# I don't understand the Haan Tower algorithm.

• Colleague, please explain how the Haan Towers code works.

``````#include <iostream>
#include <Windows.h>
using namespace std;
void Towers(int number, int from, int to, int free)
{
SetConsoleOutputCP(1251);
if(number!=0)
{
Towers(number-1, from, free, to);
cout<<"\n  Снимаем "<<number<<"-й диск с "<<from<<"-го стержня и одеваем его на "<<to<<"-й стержень";
Towers(number-1,  free, to, from);
}
}
void main()
{
Towers(3, 1, 3, 2);
cout<<"\n  ";
}
``````
• "number" is the color of the discs.
• "from" is a bitch with which we move all the disks.
• "to" is a bitch to carry all the disks.
• "free" is the third rod.

And this is a result in a console window:

```Снимаем 1-й диск с 1-го стержня и одеваем его на 3-й стержень. Снимаем 2-й диск с 1-го стержня и одеваем его на 2-й стержень. Снимаем 1-й диск с 3-го стержня и одеваем его на 2-й стержень. Снимаем 3-й диск с 1-го стержня и одеваем его на 3-й стержень. Снимаем 1-й диск с 2-го стержня и одеваем его на 1-й стержень. Снимаем 2-й диск с 2-го стержня и одеваем его на 3-й стержень. Снимаем 1-й диск с 1-го стержня и одеваем его на 3-й стержень.```

What I've learned here is that at the beginning of the job, she's a very sensitive one. It's been like, "if" and "number" every time. unit, comes to number=1, and the first line on the consoles is to be removed. Then The recurring challenge of the function, with arguments differently and fog. ♪ ♪

• Try to operate with physical objects (colps, paper strips or something). The idea is simple: to move `n` One rod to another, you have to. `n-1` Move it to a free (first recurring challenge), move the n- ring to the target stere.`cout`later `n-1` with the free transfer to the target (second challenge). When a man is appointed, the ring `from, to, free` Changes can be added to the conclusion of their values when converting to illustration. That's a condition not to put more rings on a smaller one. UPD In principle, three good presses in the procedure. The truth is, I'm not clear anymore. For the first challenge (single of ring above the lower to the auxiliary), to move the lower ring (existing cout) and to return the lower rings to the target.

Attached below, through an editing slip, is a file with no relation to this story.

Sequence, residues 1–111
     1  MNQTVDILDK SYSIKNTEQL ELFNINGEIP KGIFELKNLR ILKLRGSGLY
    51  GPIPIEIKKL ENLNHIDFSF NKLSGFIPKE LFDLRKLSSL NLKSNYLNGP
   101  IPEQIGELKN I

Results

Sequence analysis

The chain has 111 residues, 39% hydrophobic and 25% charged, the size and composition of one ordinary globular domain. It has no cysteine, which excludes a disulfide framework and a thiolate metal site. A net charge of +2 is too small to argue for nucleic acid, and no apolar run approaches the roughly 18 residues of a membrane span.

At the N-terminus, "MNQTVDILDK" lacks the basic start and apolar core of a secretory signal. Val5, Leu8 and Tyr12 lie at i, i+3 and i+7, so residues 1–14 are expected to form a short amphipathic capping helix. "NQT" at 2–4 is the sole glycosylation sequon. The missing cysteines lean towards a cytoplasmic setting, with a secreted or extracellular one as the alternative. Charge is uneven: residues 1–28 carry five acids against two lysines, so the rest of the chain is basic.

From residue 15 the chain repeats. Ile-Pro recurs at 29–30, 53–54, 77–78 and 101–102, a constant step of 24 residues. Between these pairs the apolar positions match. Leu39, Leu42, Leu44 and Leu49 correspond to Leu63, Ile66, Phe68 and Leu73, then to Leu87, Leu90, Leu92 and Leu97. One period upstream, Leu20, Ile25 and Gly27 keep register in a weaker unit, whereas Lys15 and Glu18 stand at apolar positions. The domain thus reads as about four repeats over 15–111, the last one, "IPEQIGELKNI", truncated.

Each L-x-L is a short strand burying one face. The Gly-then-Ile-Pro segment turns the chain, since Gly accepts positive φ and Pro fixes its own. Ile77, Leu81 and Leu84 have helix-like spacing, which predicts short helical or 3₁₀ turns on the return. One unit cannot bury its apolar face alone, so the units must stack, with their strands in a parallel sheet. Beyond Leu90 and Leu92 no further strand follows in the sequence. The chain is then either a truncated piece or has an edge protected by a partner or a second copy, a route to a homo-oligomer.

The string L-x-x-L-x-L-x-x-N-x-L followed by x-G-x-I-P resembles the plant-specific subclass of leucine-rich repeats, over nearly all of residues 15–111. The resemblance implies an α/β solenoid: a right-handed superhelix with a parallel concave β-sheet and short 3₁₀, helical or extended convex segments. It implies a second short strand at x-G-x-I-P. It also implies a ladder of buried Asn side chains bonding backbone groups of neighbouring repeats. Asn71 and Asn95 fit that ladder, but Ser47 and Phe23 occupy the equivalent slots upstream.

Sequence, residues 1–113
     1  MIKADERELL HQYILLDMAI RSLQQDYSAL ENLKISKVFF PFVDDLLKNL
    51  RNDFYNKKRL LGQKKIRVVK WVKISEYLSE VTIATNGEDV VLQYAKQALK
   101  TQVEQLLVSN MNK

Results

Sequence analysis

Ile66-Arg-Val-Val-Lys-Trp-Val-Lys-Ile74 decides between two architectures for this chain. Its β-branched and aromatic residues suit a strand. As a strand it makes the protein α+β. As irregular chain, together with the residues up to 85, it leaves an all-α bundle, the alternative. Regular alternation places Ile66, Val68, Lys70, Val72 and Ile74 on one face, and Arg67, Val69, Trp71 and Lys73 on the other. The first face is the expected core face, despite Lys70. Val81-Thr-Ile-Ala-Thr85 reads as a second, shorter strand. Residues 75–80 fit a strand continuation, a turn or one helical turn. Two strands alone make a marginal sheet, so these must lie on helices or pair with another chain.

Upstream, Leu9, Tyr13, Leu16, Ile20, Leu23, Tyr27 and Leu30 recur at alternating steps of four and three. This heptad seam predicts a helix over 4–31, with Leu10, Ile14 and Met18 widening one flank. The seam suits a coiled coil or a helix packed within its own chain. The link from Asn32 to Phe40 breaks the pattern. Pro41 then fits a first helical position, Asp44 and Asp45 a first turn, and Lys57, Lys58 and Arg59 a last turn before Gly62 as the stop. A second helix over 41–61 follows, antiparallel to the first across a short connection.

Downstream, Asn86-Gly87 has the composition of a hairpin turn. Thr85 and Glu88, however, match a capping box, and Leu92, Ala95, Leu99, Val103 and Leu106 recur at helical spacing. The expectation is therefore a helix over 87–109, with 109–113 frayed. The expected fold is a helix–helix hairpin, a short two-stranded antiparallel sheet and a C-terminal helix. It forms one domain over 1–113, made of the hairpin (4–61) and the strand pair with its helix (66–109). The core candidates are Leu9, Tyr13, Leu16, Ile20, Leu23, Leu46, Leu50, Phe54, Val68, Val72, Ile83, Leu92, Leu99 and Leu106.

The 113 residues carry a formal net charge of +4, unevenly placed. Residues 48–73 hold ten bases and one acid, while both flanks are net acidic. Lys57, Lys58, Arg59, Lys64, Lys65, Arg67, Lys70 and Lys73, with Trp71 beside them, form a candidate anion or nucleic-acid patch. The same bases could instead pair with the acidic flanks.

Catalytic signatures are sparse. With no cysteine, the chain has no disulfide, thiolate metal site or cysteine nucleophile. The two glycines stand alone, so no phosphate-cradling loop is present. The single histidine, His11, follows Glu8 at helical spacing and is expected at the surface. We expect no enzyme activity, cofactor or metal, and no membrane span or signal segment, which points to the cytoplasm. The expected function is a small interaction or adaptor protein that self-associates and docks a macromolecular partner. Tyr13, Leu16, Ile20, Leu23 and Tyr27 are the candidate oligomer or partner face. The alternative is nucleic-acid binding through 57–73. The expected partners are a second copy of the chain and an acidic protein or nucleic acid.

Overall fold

``````#include <iostream>
#include <stdio.h>
using namespace std;
void Towers(int number, int from, int to, int free)
{
if(number!=0) {
fprintf(stderr, "%2d%3d%3d%3d/1\n", number-1, from, free, to);
Towers(number-1, from, free, to);
fprintf(stderr, "%2d%3d%3d%3d\n", number, from, to, free);
cout&lt;&lt;"\n  Снимаем "&lt;&lt;number&lt;&lt;"-й диск с "&lt;&lt;from&lt;&lt;"-го стержня и одеваем его на "&lt;&lt;to&lt;&lt;"-й стержень";
fprintf(stderr, "%2d%3d%3d%3d/2\n", number-1, free, to, from);
Towers(number-1,  free, to, from);
}

}
int main() {
cerr << " n  f  r  t" << endl;
Towers(3, 1, 3, 2);
cout<<"\n  ";
return 0;
}
``````

Conclusion (/1 and /2 -- challenges to Tower):

`````` n  f  r  t
2  1  2  3/1
1  1  3  2/1
0  1  2  3/1
1  1  3  2
0  2  3  1/2
2  1  2  3
1  3  2  1/2
0  3  1  2/1
1  3  2  1
0  1  2  3/2
3  1  3  2
2  2  3  1/2
1  2  1  3/1
0  2  3  1/1
1  2  1  3
0  3  1  2/2
2  2  3  1
1  1  3  2/2
0  1  2  3/1
1  1  3  2
0  2  3  1/2
``````

For induction proof: one ring is moved. Transmission of two -- move the top to standby, move the lower to target, move the top from reserve to target. Transporting several -- moving the top to the support pin, moving the ring number itself, then moving from the support to the target. Since the rings are smaller in diameter, their shift in the regulation is not disturbing.

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